“We’ll get rained out before I ever leave San Diego,” Lawson vows at the top of “Unstoppable Forces and Immovable Objects.” And just then, lo and behold, the drops begin to fall.
The decision the show has been hinting at all season — will Lawson, suffering from aging knees, stay or get traded away? — is finally broached in this episode, and it’s got everyone seriously grumpy. Lawson growls and scowls under his beard, Oscar is practically jumping out of his perfect skin, and Al seems slightly bewildered by the whole thing. When the rain delay is called, he tells Lawson that Lawson can’t go back in the game when play resumes. “I know what weather like this does to bones like ours,” he says gravely. And we all react just as Lawson does: Wait, ours? It’s a cute device for underscoring Lawson’s aging apprehensions, having Al pretend that he thinks he and Lawson are the same age. But if someone believed that in real life, they’d be evaluated for a possible stroke.
And speaking of overstating things: Everyone in the Padres clubhouse acts like this drizzle is their own personal Hurricane Katrina. Al is worried about bones dissolving, E is harassing the head groundskeeper about getting the team back on the field, and Oscar is, with a straight face, assuring people that hot chocolate and blankets are available. Hey, who knows — maybe this is how people in San Diego act when it rains. In real life, the Padres have only had six rain delays in 11 years at Petco Park. But it seems the Pitch writers couldn’t resist the romanticism of a rain delay episode.
Anyway, Al’s mind is made up: Lawson’s not going back in. Duarte is taking over — cue him and Ginny West–Wing-style walking and talking endlessly, sort of flirting, but, even worse, forming a cozy new pitcher-catcher camaraderie. Furious, Mike hurls a shirt at the wall, which can’t feel satisfying. At least Al doesn’t warn him not to strain his withering muscles by lifting fabric.
The writing is on the wall: The Padres want Lawson gone, and Lawson doesn’t know what he wants — but he’s sure he wants to feel wanted, and he’s not getting that from Oscar. Nor is he going to get it from E, who wants him traded yesterday. But really, how much should we trust this E character? The Pitch writers clearly based him on the worst guy in somebody’s frat. He has a tiny personal water-bottle fridge, he blames Oscar for the weather, and he shows up the groundskeeper by Googling how quickly the Yankees crew can get the tarp off.
Oscar finally calms him down with some sage words in the batting cage — and elicits that he’s from Queens. So yeah, he’s now officially still just E, petite killjoy extraordinaire. (Sidenote: Mark Consuelos doesn’t have the worst swing. Keeps his head in nicely.)
NEXT: Big bro brings big trouble[pagebreak]
But there’s another contender for worst guy in this episode: Will, Ginny’s brother. He’s back in the mix and seems to be dragging plenty of baggage behind him — he’s that guy who’s always got a new investment to pitch. This time it’s a chain of bars called, inexplicably, Scroogy’s. Will brags about the concept and Ginny’s supposed partnership in the family lounge during the delay. Amelia is totally onto him. Evelyn is totally not, probably because she’s onto her third martini. Amelia is clear and persistent as a pit bull: She keeps telling Will to leave Ginny out of his schemes.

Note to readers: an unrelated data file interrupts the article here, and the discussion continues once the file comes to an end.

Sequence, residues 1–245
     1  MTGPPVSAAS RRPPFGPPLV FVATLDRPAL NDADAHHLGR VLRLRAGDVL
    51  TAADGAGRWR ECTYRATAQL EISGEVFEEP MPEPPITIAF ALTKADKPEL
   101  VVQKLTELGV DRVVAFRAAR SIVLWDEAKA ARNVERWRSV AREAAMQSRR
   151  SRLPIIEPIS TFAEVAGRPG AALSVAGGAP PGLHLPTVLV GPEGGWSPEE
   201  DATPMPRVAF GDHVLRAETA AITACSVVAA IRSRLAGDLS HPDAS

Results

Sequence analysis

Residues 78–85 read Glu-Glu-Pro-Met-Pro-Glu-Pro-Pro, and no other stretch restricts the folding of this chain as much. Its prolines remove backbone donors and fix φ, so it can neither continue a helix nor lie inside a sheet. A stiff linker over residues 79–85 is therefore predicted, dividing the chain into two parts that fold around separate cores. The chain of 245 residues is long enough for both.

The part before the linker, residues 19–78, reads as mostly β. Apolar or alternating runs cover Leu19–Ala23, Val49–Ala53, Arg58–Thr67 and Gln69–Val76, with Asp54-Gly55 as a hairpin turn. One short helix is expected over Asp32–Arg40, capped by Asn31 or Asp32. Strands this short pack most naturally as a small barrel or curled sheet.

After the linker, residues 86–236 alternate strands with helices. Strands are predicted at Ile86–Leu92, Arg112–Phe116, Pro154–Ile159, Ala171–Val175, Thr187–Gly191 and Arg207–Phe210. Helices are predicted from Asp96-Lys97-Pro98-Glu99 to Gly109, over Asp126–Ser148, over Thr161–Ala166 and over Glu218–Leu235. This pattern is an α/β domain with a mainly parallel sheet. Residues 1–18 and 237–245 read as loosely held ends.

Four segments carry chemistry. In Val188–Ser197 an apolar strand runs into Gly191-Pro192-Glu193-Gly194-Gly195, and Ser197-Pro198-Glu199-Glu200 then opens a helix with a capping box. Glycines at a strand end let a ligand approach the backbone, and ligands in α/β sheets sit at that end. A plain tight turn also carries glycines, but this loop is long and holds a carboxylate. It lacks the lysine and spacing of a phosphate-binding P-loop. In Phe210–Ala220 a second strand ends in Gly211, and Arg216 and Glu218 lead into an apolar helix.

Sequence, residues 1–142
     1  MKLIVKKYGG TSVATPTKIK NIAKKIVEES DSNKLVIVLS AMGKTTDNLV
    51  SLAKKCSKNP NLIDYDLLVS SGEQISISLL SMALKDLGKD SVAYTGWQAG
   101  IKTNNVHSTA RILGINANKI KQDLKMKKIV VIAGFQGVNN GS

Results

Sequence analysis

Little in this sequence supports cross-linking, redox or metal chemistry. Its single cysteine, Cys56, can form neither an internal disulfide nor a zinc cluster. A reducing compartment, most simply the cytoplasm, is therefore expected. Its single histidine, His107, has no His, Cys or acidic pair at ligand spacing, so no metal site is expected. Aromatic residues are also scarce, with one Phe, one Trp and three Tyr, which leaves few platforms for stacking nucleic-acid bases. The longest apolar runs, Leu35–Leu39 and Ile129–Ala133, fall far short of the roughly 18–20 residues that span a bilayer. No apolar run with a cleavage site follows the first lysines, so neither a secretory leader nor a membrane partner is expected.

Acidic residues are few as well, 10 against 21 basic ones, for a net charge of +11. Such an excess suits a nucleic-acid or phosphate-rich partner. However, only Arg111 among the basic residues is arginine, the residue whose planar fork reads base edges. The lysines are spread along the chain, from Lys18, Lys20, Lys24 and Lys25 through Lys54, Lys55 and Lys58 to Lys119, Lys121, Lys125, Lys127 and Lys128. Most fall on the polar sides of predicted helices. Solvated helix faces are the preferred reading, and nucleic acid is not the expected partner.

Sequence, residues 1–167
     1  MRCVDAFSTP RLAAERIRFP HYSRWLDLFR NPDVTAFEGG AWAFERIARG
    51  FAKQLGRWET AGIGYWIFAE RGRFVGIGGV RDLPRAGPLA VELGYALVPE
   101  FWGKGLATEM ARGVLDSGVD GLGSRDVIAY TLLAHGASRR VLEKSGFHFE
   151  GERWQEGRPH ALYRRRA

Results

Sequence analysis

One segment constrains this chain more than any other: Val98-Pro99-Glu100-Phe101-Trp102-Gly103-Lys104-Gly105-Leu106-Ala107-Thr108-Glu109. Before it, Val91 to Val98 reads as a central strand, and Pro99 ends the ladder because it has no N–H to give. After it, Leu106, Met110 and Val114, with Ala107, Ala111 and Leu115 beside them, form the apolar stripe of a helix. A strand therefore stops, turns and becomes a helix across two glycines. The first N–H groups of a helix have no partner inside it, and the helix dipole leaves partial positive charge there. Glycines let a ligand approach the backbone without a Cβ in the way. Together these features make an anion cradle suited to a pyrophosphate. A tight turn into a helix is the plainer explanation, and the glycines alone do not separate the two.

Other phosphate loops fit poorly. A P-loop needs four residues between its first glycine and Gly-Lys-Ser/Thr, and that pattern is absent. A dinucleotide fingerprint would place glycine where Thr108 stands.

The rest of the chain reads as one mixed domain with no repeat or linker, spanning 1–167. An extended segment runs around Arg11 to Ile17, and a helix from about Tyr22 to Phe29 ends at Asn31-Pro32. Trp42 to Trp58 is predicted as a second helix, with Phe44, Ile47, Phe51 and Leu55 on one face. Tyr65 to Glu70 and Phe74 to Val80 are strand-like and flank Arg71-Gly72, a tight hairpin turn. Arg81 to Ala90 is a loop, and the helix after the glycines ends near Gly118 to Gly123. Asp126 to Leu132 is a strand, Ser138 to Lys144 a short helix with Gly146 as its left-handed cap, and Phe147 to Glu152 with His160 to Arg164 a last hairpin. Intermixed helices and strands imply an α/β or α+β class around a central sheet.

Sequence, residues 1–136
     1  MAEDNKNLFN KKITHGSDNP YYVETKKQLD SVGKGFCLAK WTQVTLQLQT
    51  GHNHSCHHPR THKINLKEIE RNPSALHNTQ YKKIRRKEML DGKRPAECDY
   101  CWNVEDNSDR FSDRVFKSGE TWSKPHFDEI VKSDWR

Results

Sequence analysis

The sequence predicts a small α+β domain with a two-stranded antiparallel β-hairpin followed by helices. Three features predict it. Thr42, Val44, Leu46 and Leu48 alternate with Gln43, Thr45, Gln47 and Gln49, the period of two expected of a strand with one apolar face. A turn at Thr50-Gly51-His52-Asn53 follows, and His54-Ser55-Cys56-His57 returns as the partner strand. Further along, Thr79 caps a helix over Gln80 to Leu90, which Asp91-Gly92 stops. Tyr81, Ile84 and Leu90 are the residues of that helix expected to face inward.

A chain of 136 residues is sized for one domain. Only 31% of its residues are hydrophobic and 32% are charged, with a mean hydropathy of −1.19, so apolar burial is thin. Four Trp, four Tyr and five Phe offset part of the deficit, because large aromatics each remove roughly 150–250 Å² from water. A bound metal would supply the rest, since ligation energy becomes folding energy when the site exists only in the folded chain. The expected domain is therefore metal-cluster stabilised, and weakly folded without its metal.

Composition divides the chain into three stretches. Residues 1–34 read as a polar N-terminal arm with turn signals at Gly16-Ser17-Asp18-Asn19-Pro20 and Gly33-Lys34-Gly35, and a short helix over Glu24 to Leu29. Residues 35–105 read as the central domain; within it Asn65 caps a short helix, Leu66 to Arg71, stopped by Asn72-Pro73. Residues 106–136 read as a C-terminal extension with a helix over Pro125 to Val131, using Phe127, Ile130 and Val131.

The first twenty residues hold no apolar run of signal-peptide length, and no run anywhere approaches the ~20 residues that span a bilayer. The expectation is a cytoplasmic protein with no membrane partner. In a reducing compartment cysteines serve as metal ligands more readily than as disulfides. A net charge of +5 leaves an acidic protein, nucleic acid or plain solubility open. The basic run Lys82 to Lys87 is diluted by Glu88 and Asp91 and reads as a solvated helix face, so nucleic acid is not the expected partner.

On the love front: Oscar keeps canoodling with a pretty woman who, based on the clandestine nature of their meetups, seems to be somebody’s ex or current wife. She likes the sneaking around, she purrs, but man, does that sentiment seem weird once we find out who she actually is: Al’s daughter.
Meanwhile, Omar (I know, I’m acting like he’s someone we’ve been talking about all along, because the show did the same thing) suddenly pipes up that he’s got feelings for Ginny. “It’s like we’re playing with a supermodel, guys,” he says, his voice shot through with adolescent fear. Which is the perfect emotional setting for what happens next: Lawson and Blip take him into a room and shout at him bizarrely, trying to convince him, I guess, that Kylie Bunbury doesn’t have a scientifically perfect face.
The episode wraps on a highly melancholy Lawson confronting reality: If he wants a ring before his knees blow altogether, it’s time to move on. The man’s got good instincts — he tells Oscar he wants to go to Chicago. But can a World Series title compete with listening to Ginny hum Katy Perry in the gym? Um, yes, of course it can, a World Series title is a thousand times better, and any sane person should realize that. So why does Lawson look so sad watching her stretch from the doorway?
Something tells me the rest of the season will ramp sharply toward resolving the Baker-Lawson conundrum. All of a sudden, it’s raining vibes.